gm_2098623bAmid all the recent talk of manufacturing resurgence and growth in the United States, we can see that there just may be hope for middle class America yet. Getting back to what made the U.S. so dominate during the twentieth century will take hard work from every laborer in the country, at all levels. And it can be done. It is being done. People are starting to get back to work. But something that has me concerned is what comes after this resurgence begins to level off? What will we do with the American factory worker once the peak passes?

Continued growth and expansion is something that every business strives to obtain. The adage that “if you’re not growing you’re dying” tends to come to mind. While there is a good deal of truth to this saying, growth does not always come in large heaps. Growth can take small steps and show slow gains over years. There is nothing wrong with this. Big boom periods always come to a leveling off period. It is a law of nature and will happen one way or another. We saw this in our own country over the last seven or so years (if not longer).

Recessions are a part of the economic cycle and will always happen no matter how hard we try to prevent them. However, we can strive to limit the impact that recessions can have on families, especially middle class families who are not only the most affected group of people, but also the ones who make up the bulk of our labor force. The Great Depression and Great Recession are clear cut examples of this. So how do we soften the effects of downward trends and help protect ourselves from deep financial wounds? Legislative policy and education.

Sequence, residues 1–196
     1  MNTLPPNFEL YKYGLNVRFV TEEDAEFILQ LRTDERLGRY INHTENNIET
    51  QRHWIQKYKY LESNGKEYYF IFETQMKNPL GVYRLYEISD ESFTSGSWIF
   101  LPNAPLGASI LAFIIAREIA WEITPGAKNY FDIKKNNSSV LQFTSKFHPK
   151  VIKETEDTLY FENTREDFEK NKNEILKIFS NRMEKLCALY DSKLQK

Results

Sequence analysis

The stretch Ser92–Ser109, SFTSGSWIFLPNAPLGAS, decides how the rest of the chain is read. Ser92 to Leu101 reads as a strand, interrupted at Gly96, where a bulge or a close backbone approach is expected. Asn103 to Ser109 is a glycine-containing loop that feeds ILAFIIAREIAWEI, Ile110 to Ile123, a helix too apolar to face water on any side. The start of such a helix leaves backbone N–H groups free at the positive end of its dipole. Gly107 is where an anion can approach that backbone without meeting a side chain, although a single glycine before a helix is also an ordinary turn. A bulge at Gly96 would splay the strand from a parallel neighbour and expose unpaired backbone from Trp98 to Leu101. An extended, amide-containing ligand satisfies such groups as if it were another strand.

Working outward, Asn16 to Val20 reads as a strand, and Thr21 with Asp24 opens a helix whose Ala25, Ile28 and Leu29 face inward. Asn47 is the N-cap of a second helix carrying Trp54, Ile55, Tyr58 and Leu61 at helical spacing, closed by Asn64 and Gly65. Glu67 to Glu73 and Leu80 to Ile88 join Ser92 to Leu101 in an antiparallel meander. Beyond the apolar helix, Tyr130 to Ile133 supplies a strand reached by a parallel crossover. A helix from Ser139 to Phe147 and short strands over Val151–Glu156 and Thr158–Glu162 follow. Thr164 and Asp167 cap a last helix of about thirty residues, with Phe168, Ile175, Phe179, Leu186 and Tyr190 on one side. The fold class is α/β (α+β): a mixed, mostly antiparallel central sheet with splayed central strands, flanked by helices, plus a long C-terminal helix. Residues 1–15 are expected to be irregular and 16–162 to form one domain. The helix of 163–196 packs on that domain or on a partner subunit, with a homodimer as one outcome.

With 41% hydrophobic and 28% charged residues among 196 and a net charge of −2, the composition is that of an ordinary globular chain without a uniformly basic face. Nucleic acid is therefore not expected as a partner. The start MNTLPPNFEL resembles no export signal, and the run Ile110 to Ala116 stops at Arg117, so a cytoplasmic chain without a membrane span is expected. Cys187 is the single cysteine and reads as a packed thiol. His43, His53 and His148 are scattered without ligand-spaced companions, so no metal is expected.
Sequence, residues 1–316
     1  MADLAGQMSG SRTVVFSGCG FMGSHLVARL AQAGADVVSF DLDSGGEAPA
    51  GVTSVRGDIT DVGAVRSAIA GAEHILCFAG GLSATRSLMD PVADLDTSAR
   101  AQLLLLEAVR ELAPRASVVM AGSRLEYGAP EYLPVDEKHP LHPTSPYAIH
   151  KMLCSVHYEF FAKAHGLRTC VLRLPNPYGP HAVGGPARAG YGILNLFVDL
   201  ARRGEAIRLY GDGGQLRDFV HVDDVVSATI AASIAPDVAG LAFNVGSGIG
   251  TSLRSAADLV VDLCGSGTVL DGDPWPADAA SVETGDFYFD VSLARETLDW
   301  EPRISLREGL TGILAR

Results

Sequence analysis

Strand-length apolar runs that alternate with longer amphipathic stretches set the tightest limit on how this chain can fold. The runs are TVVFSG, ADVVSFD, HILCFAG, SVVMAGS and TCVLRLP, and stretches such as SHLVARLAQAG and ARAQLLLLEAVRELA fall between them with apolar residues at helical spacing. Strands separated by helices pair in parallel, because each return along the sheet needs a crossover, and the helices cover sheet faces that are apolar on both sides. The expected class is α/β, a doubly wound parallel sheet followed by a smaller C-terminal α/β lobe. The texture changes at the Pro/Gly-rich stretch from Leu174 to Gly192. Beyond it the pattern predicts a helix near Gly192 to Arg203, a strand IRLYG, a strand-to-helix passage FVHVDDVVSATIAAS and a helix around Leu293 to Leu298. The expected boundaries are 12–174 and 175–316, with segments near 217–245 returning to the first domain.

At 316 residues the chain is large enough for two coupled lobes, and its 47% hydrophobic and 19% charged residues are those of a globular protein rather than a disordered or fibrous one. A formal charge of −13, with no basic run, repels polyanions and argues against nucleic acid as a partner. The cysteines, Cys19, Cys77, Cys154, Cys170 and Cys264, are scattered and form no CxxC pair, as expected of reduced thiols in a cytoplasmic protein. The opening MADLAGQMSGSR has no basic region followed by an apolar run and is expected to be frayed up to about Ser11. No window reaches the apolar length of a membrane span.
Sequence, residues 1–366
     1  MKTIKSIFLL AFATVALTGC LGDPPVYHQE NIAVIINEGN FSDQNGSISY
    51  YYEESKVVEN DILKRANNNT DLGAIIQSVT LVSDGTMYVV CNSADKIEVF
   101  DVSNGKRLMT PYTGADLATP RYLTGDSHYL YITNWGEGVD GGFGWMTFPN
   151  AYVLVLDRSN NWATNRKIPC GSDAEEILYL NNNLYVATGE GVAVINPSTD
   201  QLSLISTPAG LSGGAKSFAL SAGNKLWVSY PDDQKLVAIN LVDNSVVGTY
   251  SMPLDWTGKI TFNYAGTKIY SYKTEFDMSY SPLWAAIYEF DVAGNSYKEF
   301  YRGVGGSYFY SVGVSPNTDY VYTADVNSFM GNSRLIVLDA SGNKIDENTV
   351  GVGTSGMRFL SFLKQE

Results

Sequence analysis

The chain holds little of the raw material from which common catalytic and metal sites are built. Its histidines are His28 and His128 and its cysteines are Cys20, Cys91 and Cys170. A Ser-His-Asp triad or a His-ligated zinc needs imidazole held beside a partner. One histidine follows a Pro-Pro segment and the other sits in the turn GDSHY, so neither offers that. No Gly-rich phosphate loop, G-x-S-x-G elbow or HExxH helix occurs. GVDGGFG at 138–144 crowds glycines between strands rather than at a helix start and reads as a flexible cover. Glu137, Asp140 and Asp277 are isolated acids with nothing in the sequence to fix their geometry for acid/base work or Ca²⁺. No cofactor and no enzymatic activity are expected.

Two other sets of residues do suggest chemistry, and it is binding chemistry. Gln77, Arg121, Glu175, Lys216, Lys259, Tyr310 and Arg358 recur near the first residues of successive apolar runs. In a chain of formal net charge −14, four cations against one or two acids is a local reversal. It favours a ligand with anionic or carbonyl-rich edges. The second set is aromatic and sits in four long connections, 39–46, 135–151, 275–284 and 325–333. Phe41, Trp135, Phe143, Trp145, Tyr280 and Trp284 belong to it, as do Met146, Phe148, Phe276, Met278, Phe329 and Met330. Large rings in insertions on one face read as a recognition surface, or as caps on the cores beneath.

I admit that I am an advocate for globalization. Any movement to better the world as a whole, I am all for. But that does not mean we should abandon everything we have come to excel at. Strong policies, both domestic and those concerning foreign trade, should be enacted and held up. Shifts in product specialization, even on a global level, happen slowly. But if we’re not careful, then falling behind is almost certainly going to be the outcome and the middle class will fall again. For anyone who doesn’t think that this matters, or thinks the middle class is not the most important component of our society, imagine life without the following: office clerks, retail clerks, garbage men and women, landscape workers, janitors, construction workers, bartenders, waiters and waitresses, mechanics, factory workers, ship deck hands, pilots, and nurses (to name a few).

The second and equally important part is education. This is something that I feel that I cannot stress enough. People need access to top quality education. Nothing is more deadly to democracy than an uneducated, dumb citizenry.  A strong education is something that is enabling other countries to move up economically, and poor or low education standards are causing the U.S. to fall behind. And parents I’m looking at you! You are first and foremost the biggest factor in your child’s education. School systems can only do so much. Parents it’s up to you to encourage learning at all levels. Help to inspire your kids to want to know more.

Education is not something that should ever be near the table when talks of budget cutting arise. Educated people make better decisions and better decisions can lead to the sustaining of a strong American labor force. A proper and well rounded education will instill a sense of pride in oneself, in one’s work, in one’s country, even in co-workers. Individuals never had to be a multimillionaire to have a happy and well off living. Humble and helpful America turned into impatient and insatiable. The good news: now is the chance to reverse that image and become humble again.images
Chadd Brown
Super Tool,  Inc.

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